Eight challenges to measuring off site social media performance

Research Manager

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I’m an Audience Researcher within BBC Future Media, which means I contribute to my department’s remit to measure product performance, understand audiences’ attitudes and behaviour and provide recommendations to inform decision-making in the future.

One of the areas I work across is social media; an area that continues to grow in visibility and importance. As Holly Goodier blogged last year, 77% of the UK online population now actively participates on the internet using social tools.

The likes of Facebook and Twitter get a lot of attention, but social media extends beyond social networks to include functionality such as commenting or sharing that can make any website, including BBC.co.uk (and indeed this very page), social.

BBC ONE's Facebook page

However, for the purposes of this post, I will focus upon off-site activity – that which occurs outside of BBC.co.uk.

Off-site social media is a great way to reach and connect with our audiences, and as such we operate many accounts across our channels, brands and divisions to accomplish this. The majority of our accounts are within Facebook and Twitter, but several of our programmes and services also have a presence on sites such as Google+, Instagram, Pinterest, Tumblr and YouTube.

Watching our teams use these different environments in multiple ways is fascinating, but it also creates challenges when it comes to measuring how we are performing.

Listed below are eight challenges we face when assessing social activity, both directly related to our official presence and in terms of wider online conversations. Not all of these are limited to social media, and few if any are BBC specific, but they give an idea of some of the considerations we face:.

1. No official measurement source: TV has BARB and Radio has RAJAR – two well established bodies, with consensus on the most appropriate metrics to use. Within digital, there is the relatively new UKOM - while it offers a range of measures, it does not break down social media into specific accounts (such as @BBCSport on Twitter or BBC One on Facebook). Social networks may offer useful insight tools themselves, but only top-level information is made public. It can therefore be difficult to place performance in the context of the performance of other accounts or organisations.

2. Limited geographic restrictions: I work within the public sector side of the BBC, and so am principally interested in UK performance rather than global.  Again, insight tools can offer geographic splits but there isn’t much publicly available UK-specific data to compare to.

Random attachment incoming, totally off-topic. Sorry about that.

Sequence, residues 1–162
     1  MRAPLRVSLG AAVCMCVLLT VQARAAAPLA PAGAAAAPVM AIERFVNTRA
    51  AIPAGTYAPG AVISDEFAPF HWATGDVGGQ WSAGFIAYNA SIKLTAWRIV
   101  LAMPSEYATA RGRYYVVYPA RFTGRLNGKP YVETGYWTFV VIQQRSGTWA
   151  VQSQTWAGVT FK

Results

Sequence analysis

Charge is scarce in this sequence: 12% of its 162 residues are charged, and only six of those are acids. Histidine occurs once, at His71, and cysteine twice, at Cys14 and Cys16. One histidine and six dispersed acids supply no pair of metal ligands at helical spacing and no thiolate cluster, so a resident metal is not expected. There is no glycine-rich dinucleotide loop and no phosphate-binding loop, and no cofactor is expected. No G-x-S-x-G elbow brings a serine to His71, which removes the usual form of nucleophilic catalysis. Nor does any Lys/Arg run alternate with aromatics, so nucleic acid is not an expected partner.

3. Aggregating across multiple accounts: It can be difficult to assess overall performance when multiple accounts are being used – for instance, if we wanted to measure combined performance across @BBCBreaking and @BBCNews on Twitter. Action-orientated metrics (such as measuring the number of ‘likes’ or views) can be added together, but others such as total audience cannot, since people that follow multiple accounts would be counted more than once unless data could be de-duplicated . The challenges of measuring your own organisation are magnified when trying to measure others.

4. Totalling activity across multiple services: The ideal would be to evaluate our performance across the entirety of social media, but different services with different functionalities with different ways of measuring make this impractical. For instance, is a Facebook share the equivalent of a Pinterest re-pin?

5. Distinguishing active from lifetime audience: Metrics such as followers or likes are based on lifetime activity – they take no account of recency and so could count activity from several years ago. Changes over time can be used to assess growth, but it doesn’t give an accurate reflection of the active audience – people that interacted with the site more recently (e.g. in the last week or last month). Again, some insight tools offer this function, but once again there is an inability to place performance in context.